James Paxton, Masahiro Tanaka
ESNY Graphic, AP Photo

With their recent skid this June, fingers are being pointed at the New York Yankees starting pitching. However, it was all planned this way.

Allison Case

The New York Yankees made their 2019 season focus very clear this past offseason.

It wasn’t adding huge sluggers to the lineup. It wasn’t beefing up their starting pitching. It was building up that power bullpen so, that late in the game, the pitching would be lights-out, just like Tropicana Field.

And that bullpen has done its job for the Yankees. With power arms like Adam Ottavino, Tommy Kahnle and Zack Britton leading up to Aroldis Chapman, there is no reason to sweat. These guys have it handled.

But what the Yankees failed to remember is that sometimes how the game starts is far more important. And in that aspect, they have failed miserably this season.

We all know their starting pitching has been putrid but just how disappointing has it been? Well, in the 69 games the Yankees have played so far this season, they’ve had their starter go seven-plus innings just seven times.

And just to make things extra complicated, the starter who has had the most seven-plus inning outings has been none other than J.A. Happ.

But this is how the New York Yankees planned it. Who cares how many innings these starters go? The sooner they can get to this flashy bullpen, the better!

This offseason consisted of inking CC Sabathia and J.A. Happ to short-term deals, two pitchers who are on the wrong side of 30 but have a great clubhouse presence. There’s no way either of these guys is going to put up consistent lengthy starts and that’s exactly how the Yankees planned it.

That was the mentality going into the season and it’s been the mentality even now, as the Yankees starting staff has dwindled down to four. Instead of panicking, the Yankees front office must be cheering because this is exactly what they wanted: more innings from their hot ‘pen.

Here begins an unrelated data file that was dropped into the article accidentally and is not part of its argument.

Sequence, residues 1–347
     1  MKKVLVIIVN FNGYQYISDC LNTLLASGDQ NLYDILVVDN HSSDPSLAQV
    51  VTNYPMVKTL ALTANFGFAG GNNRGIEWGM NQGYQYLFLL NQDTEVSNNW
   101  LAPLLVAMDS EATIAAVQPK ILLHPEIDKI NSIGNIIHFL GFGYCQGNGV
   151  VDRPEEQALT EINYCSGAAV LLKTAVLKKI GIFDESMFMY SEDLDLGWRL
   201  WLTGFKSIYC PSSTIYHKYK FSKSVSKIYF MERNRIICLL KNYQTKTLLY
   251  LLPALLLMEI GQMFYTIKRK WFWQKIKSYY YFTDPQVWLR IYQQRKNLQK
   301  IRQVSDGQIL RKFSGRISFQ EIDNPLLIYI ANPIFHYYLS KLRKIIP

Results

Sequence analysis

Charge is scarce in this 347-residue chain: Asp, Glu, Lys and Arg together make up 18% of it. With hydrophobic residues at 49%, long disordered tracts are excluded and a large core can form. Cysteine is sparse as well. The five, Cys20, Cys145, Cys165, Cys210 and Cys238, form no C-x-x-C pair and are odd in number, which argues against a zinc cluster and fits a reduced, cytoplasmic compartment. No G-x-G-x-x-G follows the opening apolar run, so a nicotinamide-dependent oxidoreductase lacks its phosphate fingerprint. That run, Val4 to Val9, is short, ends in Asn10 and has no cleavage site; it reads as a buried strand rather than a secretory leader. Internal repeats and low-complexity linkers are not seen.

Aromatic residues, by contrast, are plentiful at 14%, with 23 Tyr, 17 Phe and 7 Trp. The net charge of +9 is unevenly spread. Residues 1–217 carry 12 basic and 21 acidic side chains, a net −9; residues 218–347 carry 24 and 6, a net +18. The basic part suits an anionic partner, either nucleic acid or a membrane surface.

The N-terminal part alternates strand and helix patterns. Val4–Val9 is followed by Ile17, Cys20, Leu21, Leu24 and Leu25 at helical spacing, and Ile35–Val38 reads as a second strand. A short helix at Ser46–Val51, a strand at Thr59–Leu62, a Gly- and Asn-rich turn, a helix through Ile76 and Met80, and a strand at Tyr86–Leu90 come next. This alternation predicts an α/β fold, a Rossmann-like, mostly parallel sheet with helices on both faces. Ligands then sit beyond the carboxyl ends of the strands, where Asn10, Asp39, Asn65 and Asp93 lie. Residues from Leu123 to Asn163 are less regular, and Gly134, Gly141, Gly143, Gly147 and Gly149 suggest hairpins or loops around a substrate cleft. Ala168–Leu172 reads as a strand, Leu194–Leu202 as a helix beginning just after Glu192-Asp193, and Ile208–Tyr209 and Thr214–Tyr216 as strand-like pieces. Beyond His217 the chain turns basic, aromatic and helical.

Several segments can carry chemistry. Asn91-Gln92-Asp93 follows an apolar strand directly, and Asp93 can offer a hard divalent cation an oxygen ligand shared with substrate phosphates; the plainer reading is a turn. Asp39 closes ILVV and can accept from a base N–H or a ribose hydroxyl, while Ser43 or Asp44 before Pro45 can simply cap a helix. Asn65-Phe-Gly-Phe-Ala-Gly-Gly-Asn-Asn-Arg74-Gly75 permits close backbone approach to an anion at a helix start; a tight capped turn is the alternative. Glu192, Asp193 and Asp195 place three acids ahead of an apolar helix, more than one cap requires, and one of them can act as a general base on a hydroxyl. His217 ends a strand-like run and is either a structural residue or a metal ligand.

New York Yankees

This all could have been rectified. There were certainly impressive pitching names available this offseason and even some up until last month (Dallas Keuchel, anyone?). Yet the Yankees wanted to focus on their bullpen and keep the end of the game locked down when, instead, they should’ve been focusing on the beginning of the game.

It’s become incredibly clear now that the Yankees’ starting pitching is in severe trouble. While starting off the season pretty well, the Yankees are now down to four starters, all of whom are essentially hit-or-miss on any given day.

But that’s what they’ve signed on for. Why else would they choose Sabathia and Happ over a plethora of other options to help bolster that rotation? Naturally, the Yankees were unaware of Luis Severino succumbing to injury early on. But they knew what they were ultimately getting into.

As the trade deadline approaches, the Yankees have to shift their focus. What was important to them this offseason is the difference and the real problem has become glaringly obvious. If the Yankees don’t come out of the end of July with a reliable starting pitcher, it will be a huge missed opportunity.

Strategies change as the season progresses and the Yankees need to adjust. It’s fine to pursue starters who won’t give length but they have to be reliable. Right now, they aren’t.

Now we sit back and let Brian Cashman work his magic, although it probably should’ve been done in the offseason. It’s about time they change their approach to the game and, if anything, In Cash We Trust.

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